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                                                    not you can designate a trike as either
                                                    experimental-nothing or experimental-glider.

                                                    The answer is "yes." You can designate a trike as
                                                    either "nothing" or "glider," (but not as both at the
                                                    same time.) If the airworthiness certificate of a trike
                                                    simply says, "Experimental," it is presumed that the
                                                    pilot must have an airplane single-engine land
        Pegasus trike on approach.                  certificate (and a medical) to fly it.

                                                    How is it possible that a trike can be either a
                                                    "nothing" (single-engine land) or a "glider?"

                                                    To understand the answer, one must look at the
                                                    FAA definitions of "Airplane" and "Glider," which
                                                    are found in the Federal Aviation Regulations
                                                    (FARs) under Part 1:

                                                    Airplane means an engine-driven fixed-wing
                                                    aircraft heavier than air, that is supported in flight
                                                    by the dynamic reaction of the air against its wings.

                                                    Glider means a heavier-than-air aircraft, that is
                                                    supported in flight by the dynamic reaction of the
        Pegasus trike getting ready for
                                                    air against its lifting surfaces and whose free flight
        take-off.                                   does not depend principally on an engine.

                                                    Unlike other countries, the United States does not
                                                    define a glider by specific flight characteristics. For
                                                    example, in England, a glider must have a specific
                                                    maximum weight in relation to the glider’s
                                                    wingspan. In Korea, a glider must have a lift-to-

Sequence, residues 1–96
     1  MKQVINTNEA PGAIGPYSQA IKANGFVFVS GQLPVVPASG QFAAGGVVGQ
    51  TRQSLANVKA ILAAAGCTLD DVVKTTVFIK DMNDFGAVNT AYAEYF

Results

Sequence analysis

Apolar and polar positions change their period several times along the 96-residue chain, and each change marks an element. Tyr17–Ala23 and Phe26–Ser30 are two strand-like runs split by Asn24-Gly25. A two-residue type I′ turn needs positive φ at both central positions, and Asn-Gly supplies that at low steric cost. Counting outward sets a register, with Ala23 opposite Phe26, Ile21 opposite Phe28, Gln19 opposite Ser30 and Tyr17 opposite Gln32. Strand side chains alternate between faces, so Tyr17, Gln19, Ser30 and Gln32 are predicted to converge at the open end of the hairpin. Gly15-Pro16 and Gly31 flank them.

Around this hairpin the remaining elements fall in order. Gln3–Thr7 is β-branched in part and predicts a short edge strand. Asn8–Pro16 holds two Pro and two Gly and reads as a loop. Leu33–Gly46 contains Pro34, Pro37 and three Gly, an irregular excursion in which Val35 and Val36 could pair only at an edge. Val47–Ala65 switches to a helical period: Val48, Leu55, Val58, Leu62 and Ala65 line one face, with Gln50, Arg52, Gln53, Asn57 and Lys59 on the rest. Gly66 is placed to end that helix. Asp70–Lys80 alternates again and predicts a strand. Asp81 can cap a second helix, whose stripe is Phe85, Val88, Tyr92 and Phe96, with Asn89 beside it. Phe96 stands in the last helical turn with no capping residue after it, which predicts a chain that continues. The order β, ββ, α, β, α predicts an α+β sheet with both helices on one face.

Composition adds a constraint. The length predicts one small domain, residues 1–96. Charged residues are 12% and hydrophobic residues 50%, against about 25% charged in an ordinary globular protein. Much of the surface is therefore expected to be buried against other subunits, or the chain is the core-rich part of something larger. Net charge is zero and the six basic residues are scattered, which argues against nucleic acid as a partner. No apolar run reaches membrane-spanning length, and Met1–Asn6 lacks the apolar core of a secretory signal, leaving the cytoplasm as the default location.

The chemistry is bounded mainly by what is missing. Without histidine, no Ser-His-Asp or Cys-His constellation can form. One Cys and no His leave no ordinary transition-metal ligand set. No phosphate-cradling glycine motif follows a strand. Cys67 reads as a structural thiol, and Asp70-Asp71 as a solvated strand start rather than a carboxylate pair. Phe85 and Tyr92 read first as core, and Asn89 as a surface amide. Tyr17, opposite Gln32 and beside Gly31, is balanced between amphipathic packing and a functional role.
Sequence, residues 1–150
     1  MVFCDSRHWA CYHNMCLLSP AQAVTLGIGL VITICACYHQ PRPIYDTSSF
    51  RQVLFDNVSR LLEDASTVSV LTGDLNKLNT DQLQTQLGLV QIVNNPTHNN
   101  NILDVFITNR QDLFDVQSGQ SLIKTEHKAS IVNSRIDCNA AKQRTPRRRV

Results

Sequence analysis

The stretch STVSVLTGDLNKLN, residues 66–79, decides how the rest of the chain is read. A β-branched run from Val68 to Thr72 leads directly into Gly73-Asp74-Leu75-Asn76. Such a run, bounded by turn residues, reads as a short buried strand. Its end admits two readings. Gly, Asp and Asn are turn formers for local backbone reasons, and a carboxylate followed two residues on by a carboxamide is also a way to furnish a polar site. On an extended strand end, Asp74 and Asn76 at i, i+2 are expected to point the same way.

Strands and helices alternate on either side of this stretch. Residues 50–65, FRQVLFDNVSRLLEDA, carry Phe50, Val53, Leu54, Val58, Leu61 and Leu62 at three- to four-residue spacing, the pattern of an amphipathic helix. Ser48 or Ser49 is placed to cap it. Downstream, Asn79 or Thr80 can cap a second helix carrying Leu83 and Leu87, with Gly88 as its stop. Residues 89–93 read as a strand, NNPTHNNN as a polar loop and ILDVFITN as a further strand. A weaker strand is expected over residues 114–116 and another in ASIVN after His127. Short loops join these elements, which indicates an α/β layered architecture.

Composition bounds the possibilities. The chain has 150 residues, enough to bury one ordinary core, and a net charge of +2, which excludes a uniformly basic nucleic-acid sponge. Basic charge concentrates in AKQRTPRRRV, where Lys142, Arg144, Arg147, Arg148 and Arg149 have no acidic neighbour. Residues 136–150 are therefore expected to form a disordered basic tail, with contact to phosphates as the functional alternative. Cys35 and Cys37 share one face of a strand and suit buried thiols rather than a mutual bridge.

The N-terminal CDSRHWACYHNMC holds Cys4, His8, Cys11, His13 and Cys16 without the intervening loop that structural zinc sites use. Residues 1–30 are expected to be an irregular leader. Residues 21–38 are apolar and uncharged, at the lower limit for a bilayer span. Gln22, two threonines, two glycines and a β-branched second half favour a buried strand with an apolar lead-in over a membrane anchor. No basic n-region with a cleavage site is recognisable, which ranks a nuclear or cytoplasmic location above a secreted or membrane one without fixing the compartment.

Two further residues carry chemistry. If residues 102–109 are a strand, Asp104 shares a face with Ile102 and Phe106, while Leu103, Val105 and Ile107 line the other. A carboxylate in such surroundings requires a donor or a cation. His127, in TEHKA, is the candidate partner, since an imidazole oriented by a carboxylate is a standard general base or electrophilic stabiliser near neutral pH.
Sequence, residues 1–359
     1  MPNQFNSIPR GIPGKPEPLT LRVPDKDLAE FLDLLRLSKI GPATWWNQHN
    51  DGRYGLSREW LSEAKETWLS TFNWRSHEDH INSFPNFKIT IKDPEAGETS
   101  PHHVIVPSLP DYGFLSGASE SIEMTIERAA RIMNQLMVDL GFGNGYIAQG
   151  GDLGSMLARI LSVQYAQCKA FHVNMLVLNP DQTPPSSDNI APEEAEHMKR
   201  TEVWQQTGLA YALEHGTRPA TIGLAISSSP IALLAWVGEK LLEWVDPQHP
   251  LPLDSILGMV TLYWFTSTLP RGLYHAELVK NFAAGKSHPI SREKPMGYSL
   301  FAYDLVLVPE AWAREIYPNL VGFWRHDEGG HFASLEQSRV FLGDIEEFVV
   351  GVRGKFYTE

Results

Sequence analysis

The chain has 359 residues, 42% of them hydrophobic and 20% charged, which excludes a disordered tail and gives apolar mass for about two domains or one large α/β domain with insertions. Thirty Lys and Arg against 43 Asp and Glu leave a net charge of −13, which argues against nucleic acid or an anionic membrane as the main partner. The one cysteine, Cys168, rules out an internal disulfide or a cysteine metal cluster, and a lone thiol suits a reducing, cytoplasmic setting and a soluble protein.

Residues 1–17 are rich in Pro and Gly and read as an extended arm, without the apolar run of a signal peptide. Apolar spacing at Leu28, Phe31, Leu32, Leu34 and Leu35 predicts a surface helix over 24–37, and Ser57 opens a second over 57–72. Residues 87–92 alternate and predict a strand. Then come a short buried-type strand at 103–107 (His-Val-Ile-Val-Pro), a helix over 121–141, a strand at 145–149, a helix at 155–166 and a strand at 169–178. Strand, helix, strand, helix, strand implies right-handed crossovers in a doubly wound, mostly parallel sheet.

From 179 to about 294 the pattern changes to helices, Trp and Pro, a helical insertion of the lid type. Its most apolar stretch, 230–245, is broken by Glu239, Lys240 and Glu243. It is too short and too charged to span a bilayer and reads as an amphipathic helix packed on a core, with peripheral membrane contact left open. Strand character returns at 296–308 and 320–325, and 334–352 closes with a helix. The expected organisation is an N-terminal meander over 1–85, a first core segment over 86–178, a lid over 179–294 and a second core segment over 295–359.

drag ratio of at least 17 to 1. In other countries, a
                                                    glider must not exceed a certain sink rate, such as
                                                    a maximum sink rate of 150 feet per minute in still
                                                    air.

                                                    As mentioned, the United States does NOT have
                                                    any such criteria for an aircraft to qualify as a
                                                    "glider." The defined criterion is that the aircraft’s
                                                    "free flight does not depend principally on an
                                                    engine."

                                                    There is also an additional criterion which has
                                                    been espoused by the FAA Aircraft Certification
                                                    branch in Washington, DC. It is this: that the pilot
                                                    intends to use the aircraft to soar.

                                                    Gliders with engines are commonly known as
                                                    "motorgliders." (The FAA actually refers to them as
                                                    "self-launched gliders," rather than motorgliders.)
                                                    Regardless of the designation, these gliders are on
                                                    the cusp between airplane and glider. Some have